When Neil LaBute isn’t making films, he’s seeing them. The director of the just-released The Wicker Man (Warner Brothers), a remake of the British cult classic, starring Nicholas Cage, Ellen Burstyn, and Leelee Sobieski—including In The Company of Men, Your Friends & Neighbors, and The Shape of Things—LaBute's work is known for its biting view of the war between the sexes, where nothing is ever quite what it seems. Judging from this list, LaBute’s taste in movies is just as idiosyncratic—a bit off the beaten track but well worth the time and effort to hunt them down.

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1. Eric Rohmer’s Moral Tales, a six film box that sets the standard for intelligent French cinema. There’s even a video ‘afterword’ by me (to keep you awake at night!) Criterion Collection.

2. I Am Cuba by Mikhail Kalatozov, shot in Cuba by a Russian filmmaker who makes the most of his freedom to film in this turbulent, beautiful country. Image Ent.

3. Even Dwarves Started Small by the endlessly fascinating filmmaker Werner Herzog. This brilliant allegory about imprisonment and rebellion is played by (yes) a cast of little people. Released by Anchor Bay Ent.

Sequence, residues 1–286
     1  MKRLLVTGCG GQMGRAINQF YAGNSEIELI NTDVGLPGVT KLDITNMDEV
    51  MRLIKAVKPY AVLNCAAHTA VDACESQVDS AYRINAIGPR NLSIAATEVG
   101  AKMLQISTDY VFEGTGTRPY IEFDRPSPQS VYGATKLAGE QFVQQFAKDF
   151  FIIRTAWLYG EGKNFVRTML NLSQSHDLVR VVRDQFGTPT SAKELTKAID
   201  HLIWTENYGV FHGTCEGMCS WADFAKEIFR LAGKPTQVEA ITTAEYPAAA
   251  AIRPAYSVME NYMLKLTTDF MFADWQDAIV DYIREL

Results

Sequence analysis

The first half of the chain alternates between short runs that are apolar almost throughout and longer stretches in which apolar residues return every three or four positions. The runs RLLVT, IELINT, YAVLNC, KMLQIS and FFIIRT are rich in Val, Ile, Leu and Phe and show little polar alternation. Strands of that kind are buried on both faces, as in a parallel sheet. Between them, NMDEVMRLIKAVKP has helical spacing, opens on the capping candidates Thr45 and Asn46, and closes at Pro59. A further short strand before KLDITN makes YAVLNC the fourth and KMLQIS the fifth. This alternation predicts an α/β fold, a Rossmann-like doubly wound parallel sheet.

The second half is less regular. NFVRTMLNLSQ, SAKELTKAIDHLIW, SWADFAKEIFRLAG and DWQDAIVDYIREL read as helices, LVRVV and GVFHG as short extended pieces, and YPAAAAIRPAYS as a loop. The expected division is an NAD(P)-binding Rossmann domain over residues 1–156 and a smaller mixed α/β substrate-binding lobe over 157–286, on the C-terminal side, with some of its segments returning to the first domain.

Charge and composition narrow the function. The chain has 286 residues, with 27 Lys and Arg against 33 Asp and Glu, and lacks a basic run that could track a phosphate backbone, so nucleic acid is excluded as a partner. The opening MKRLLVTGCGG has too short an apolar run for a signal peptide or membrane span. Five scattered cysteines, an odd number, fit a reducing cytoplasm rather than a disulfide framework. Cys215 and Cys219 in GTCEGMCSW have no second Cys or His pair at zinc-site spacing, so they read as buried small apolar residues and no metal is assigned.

4. The boxed set edition of Errol Morris’s classics, Gates
of Heaven, The Thin Blue Line, and Vernon, Florida. Nobody does weird like Mr. Morris. IFC Films.

5. There’s nothing like a five film set of Ingmar Bergman films including Persona, Hour of the Wolf, Shame, The Passion of Anna and The Serpent’s Egg to collectively take your breath away.

6. Piero Schivazappa’s The Frightened Woman—a great guilty pleasure. One of the most fabulously over-designed films of the 1960’s. Like James Bond on acid, a battle royale between the sexes. First Run Features.

7. The Sanguinaires by Larent Cantet. A short feature that stays with you long after you see it together. As mysterious as it is simple, stark, and brief. Winstar Video.

8. Rainer Werner Fassbinder’s Katzelmacher, a simple tale of the slow alienation of an outsider, played by the director himself. Gorgeous and brutal, a perfect double feature with In a Year of 13 Moons. Wellspring Video.

9. Benny’s Video by the masterful Austrian director, Michael Haneke. A bone-chilling look at a young man’s first murder.

10. Sergio Corbucci’s The Great Silence. One of the great Spaghetti Western filmmakers of the 1960’s, this film features a nasty turn by one Klaus Kinski. And the ending is a real knockout. Fantoma Films.